Medical Staff Directory
Michelle Maloney, PhD, LPC, CAADC, CRPS
System Executive Clinical Director of Mental Health and Addiction Recovery
Michelle Maloney, PhD, is system executive clinical director of Addiction Services for Rogers Behavioral Health. She has worked for more than two decades in the mental health and addiction field and is a passionate advocate for those struggling with substance use. Throughout her career, Dr. Maloney has made several television appearances, including on the Oprah Winfrey Show, Anderson Cooper, and an episode of Intervention on A&E.
Dr. Maloney joined the United States Army when she was 17 to pursue a bachelor’s degree in politics. After the Army, she attended the Pennsylvania state police academy and was impacted by how many people were being incarcerated as a result of substance use.
Dr. Maloney started with a substance use organization in a role similar to a residential care specialist. She went back to school to become a licensed counselor (LPC for mental health and CAADAC for substance use). She is also skilled in nonprofit leadership and holds a PhD in Corporate Leadership from Alvernia University.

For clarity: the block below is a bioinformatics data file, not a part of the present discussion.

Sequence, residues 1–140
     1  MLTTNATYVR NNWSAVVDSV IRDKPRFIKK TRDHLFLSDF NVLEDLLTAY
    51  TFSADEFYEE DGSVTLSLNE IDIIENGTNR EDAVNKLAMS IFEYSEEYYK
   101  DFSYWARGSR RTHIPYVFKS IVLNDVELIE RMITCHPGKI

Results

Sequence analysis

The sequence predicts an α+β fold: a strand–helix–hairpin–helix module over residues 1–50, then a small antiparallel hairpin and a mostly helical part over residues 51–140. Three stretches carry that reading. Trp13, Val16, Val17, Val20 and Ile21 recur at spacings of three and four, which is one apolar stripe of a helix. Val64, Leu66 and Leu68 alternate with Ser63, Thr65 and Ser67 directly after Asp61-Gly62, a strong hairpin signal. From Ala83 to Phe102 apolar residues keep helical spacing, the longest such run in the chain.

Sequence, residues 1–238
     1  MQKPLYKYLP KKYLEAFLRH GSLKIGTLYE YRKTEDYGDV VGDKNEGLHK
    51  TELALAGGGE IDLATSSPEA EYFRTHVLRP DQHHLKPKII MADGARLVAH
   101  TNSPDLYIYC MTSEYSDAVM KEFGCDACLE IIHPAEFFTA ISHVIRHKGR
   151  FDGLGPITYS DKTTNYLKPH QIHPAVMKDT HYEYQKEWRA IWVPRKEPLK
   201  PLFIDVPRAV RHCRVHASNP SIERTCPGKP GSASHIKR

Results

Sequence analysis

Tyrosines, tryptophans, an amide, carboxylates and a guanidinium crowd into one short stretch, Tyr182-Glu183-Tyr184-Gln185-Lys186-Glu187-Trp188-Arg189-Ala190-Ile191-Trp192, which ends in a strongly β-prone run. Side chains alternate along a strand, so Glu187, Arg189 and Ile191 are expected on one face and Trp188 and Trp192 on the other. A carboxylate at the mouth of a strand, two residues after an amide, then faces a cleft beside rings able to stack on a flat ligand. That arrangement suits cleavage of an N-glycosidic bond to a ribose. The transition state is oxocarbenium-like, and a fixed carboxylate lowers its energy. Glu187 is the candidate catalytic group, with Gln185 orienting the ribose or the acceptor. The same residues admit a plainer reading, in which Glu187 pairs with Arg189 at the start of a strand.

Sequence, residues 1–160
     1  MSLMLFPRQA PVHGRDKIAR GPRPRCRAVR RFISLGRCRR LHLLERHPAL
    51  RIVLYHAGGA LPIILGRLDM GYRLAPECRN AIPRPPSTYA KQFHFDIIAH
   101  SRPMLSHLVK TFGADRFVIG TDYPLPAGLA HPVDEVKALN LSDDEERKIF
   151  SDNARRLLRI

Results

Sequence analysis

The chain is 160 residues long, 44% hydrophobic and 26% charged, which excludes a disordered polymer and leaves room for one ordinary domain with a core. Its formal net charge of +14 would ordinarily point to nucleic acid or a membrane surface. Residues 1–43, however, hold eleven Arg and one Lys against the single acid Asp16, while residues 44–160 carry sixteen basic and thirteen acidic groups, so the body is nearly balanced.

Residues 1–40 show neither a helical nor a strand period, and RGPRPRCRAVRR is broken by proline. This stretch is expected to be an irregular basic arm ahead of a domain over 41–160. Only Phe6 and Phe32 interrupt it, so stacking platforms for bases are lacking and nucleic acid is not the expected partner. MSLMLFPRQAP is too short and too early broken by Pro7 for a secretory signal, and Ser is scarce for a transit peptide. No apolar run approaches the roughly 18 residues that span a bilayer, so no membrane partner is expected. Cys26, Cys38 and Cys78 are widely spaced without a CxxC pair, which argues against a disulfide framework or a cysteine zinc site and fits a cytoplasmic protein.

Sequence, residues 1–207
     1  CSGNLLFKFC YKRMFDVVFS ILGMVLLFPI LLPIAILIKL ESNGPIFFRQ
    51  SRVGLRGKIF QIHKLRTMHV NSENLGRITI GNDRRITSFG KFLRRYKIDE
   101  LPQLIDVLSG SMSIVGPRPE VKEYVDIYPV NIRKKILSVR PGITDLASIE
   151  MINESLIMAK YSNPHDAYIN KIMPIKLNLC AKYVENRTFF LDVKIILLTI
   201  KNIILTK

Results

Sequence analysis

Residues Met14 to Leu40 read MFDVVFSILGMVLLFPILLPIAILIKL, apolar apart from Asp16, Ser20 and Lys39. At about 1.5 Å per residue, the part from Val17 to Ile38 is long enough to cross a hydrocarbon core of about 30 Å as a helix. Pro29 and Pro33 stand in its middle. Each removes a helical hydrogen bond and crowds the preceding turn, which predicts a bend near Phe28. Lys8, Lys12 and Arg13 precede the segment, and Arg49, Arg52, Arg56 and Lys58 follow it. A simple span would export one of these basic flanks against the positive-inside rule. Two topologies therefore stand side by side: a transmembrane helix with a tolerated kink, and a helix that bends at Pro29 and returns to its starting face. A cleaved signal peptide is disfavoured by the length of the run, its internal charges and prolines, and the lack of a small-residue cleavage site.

Previously regional vice president of operations for Sunspire Health, Dr. Maloney has been with Rogers since September 2018. She writes policies and procedures to ensure compliance, as well as protocols, and she participates in substance use research. Among her many achievements, she led a team in a large undertaking to ensure that Naloxone is available in all of our programs throughout the System, and in November 2022, this critical medication was used in Brown Deer and saved a life.
Dr. Maloney is dedicated to the behavioral health field, currently serving on the addiction treatment and quality committee for the National Association for Behavioral Healthcare. She completed a term as president of the Wisconsin International Certification and Reciprocity Certification (ICRC) chapter, in addition to a term on the Pennsylvania ICRC board.
Dr. Maloney’s lifelong goal is to eliminate stigma, emphasizing substance use is treatable and afflicts people of all socioeconomic levels, races, nationalities, and educational levels.Staff Directory